It is fair to say that the impact Byrne had on his native culture is unparalleled by any broadcaster in any other European country, or indeed in any country on any other continent, as far as we can tell.

This is not to say that Byrne was ever an intellectual heavyweight or a social campaigner. As anyone who has ever seen him warm up a studio audience – he never used a warm-up man – will tell you, his professional roots lie on the lower slopes of show business, in the variety theatre of his youth. His personal style is dapper. His fondness for cravats is well-known.

It is not to say, either, that Byrne was ever a saint. He had a prolonged period of crankiness in his 50s. He seems never to have met a millionaire he did not like. He has a weakness for conventional glamour in women. (On the radio programme in the 1980s, he suggested that his predominantly female team would look better if we wore flesh-coloured tights. At the time, we were all dressed in black trousers, flat shoes and wore no make-up before noon, if then. Our main accessories were exhaustion and stress. Byrne always looked immaculate.)

In the vicious world of broadcasting, he was a street fighter who saw off rivals and dealt with an RTÉ management that was often ambivalent about his success. His career was built on grinding hard work, and his output was prodigious: almost 10 hours of radio over five days per week, and 2½ hours of live television on the sixth (in those days The Late Late went out on a Saturday).

So of course, there were stretches of boredom, items that didn’t work and approaches that were ill-advised. Perhaps the most memorable failure was the Late Late interview with Annie Murphy, the mother of Bishop Eamon Casey’s son, which was a misogynistic disaster.


A pushy young man

Ground-breaking is an abused term in modern media, but Byrne came into radio and television when they constituted an unpatrolled frontier where a pushy young man could make his mark. And he continued pushing at the frontier, not out of any great philosophical or political conviction, but as a result of his own character: from sheer curiosity, ambition and nerve.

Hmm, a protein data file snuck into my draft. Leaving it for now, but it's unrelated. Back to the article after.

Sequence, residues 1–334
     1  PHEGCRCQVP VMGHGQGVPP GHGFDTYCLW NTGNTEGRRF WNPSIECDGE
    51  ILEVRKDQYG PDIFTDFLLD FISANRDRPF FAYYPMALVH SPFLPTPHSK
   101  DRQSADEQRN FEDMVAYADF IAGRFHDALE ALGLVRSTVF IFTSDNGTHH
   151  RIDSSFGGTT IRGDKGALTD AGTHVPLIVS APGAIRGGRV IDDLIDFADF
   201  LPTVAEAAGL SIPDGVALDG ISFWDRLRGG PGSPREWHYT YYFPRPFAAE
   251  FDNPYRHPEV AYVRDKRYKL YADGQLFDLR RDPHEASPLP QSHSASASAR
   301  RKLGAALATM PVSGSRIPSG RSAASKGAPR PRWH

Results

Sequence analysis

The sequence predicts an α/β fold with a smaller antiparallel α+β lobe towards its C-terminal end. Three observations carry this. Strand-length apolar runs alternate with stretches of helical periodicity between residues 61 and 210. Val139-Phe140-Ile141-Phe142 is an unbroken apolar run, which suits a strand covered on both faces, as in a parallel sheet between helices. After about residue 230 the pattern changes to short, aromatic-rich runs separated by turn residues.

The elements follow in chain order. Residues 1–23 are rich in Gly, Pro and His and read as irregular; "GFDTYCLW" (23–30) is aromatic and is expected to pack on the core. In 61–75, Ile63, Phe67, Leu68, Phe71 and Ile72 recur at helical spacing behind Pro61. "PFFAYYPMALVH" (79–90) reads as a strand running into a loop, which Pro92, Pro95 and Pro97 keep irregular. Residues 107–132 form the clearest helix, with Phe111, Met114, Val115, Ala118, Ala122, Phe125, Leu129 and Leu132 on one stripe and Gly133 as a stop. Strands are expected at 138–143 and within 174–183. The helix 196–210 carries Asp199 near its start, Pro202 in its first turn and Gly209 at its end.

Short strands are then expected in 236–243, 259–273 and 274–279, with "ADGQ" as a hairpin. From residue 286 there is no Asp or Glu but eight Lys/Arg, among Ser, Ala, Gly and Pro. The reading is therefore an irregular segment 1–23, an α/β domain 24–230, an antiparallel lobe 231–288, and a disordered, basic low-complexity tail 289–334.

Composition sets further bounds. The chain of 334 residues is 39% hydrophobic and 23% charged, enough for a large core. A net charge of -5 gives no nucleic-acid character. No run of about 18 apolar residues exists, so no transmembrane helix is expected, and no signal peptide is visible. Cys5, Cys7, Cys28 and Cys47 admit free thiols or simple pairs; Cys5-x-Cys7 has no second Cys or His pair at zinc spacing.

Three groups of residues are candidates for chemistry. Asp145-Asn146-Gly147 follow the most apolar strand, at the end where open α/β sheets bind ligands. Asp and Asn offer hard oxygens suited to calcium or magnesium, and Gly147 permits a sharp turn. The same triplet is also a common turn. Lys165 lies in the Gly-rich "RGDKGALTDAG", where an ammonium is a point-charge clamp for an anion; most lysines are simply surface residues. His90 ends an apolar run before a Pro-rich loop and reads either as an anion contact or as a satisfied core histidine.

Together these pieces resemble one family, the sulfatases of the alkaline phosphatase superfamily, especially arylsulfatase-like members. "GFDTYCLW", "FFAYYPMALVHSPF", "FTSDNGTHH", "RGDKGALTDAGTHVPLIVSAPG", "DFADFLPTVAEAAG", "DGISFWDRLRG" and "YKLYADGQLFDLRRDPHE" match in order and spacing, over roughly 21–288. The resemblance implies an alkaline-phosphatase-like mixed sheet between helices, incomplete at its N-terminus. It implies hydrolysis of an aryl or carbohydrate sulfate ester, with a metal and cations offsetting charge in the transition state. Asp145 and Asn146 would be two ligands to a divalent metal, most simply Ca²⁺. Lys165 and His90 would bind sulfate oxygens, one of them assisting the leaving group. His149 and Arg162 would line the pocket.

His instincts were extraordinarily sound. In his radio career, he went from presenting a programme sponsored by chocolate brand Urney to conducting a national debate on the death of Ann Lovett, a schoolgirl who died in a graveyard giving birth to her son in secret. He moved from presenting the Calor Kosangas Housewife of the Year competition to channelling the reaction in the Republic to the Provisional IRA’s bombing of the Remembrance Day ceremony at Enniskillen in 1987. In November 1988, he considered wearing a poppy to commemorate the 70th anniversary of the first World War. In the event, he did not.

In 2014 he again talked about how he had thought about wearing a poppy for his father and his six uncles, who had also fought in the war.

In this way, Byrne represents a connection to Ireland’s pre-1916 history – particularly its working-class history – which was so polite and silent that it was almost wiped out by the new State. In the documentary, you could see Byrne pull those memories back from the abyss by bearing witness to his father’s life. At the same time, in his excellent autobiography The Time of My Life, written in 1988 with Deirdre Purcell, he makes it clear that he does not support Section 31, which banned IRA spokespersons from the airwaves until 1994.